Do we as humans intentionally deceive ourselves, or is it something that happens unconsciously? “From within the hearts of men come every evil thought, sexual immorality, theft, murder, adultery,” Mark 7:21. So, how do we obey 2 Cor. 10:5, “Casting down imaginations, and every high thing that exalteth itself against the knowledge of God, and bringing into captivity every thought to the obedience of Christ.” How do we bring every thought into captivity if we can’t know our hearts? What about Romans 12:2, “And be not conformed to this world: but be ye transformed by the renewing of your mind, that ye may prove what is that good, and acceptable, and perfect, will of God.”

Several years ago we were introduced to some videos called Who Switched Off My Brain, by Dr. Carolyne Leaf. I laughed watching the videos. I am not sure she is an Adventist, but she sure quotes a lot of Ellen White almost word for word. Dr. Leaf specializes in working with people who have had traumatic brain injuries, car accidents, coma survivors, etc. It is amazing the research that she has done. She approaches science as backing up scripture, and explains exactly how your body and mind work and the connection between the two.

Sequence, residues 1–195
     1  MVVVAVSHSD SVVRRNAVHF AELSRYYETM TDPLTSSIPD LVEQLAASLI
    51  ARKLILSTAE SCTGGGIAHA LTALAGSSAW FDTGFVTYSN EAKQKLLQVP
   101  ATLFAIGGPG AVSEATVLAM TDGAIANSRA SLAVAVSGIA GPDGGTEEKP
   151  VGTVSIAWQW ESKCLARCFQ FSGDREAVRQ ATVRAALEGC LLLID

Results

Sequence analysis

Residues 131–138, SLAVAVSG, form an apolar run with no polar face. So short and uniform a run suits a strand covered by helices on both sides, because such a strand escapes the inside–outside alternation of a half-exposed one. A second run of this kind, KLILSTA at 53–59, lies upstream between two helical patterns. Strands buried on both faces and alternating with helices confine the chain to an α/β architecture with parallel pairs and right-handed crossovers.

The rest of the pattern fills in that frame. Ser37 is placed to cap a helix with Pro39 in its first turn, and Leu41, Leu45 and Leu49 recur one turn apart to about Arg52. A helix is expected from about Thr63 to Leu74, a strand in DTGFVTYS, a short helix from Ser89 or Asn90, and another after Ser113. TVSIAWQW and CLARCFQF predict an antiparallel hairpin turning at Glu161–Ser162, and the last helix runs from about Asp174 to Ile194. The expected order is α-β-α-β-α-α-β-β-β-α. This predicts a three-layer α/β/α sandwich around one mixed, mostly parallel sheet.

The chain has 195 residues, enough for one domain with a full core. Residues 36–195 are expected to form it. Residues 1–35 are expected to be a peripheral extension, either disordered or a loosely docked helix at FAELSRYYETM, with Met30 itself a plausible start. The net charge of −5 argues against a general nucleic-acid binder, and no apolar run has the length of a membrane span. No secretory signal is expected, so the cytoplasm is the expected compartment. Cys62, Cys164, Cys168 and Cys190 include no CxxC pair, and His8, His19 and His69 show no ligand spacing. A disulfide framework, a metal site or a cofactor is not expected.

Several months ago I loaned the videos to a friend of mine. She is a medic and struggles with PTSD when she is working. She sent me a book called Switch On Your Brain, by Dr. Leaf. Since using this program she is not only PTSD free but she said that her anxiety, etc., is completely gone. How does this program work? I’m going to explain in my next blog post. Dr. leaf teaches you how to capture every thought and bring it into captivity to Christ. If you are interested in teaching your kids this as well, I highly recommend finding the book online and ordering it. It is well worth the read.

As we are advancing in our new beginnings, I look forward to sharing how to master each thought for Him.

Practical Lessons: Working With Tiny Hands

Usually when the homeschool co-op semester begins, I choose classes that the kids will enjoy, classes that I’m too broke or bored to teach. Lego Art, Messy Munchkin Crafts, Edible Science, and Cupcake Decorating are some of my boys’ favorites. Since I’m trying to monopolize our school time this year, I am opting for more practical co-op classes this semester, classes that I can’t teach and that might help the kids after this year and beyond. These type of classes can be taught with YouTube videos and a few supplies as well.

American Sign Language (ASL)

I cannot teach my kids sign language because I don’t know any language besides English. I jumped at the opportunity to put my first grader in an ASL class, because it is practical, affords the opportunity to interact with other kids, and can lead to career choices later in life. When a hearing child knows sign language, they can be an unexpected blessing to others, so this is a great opportunity.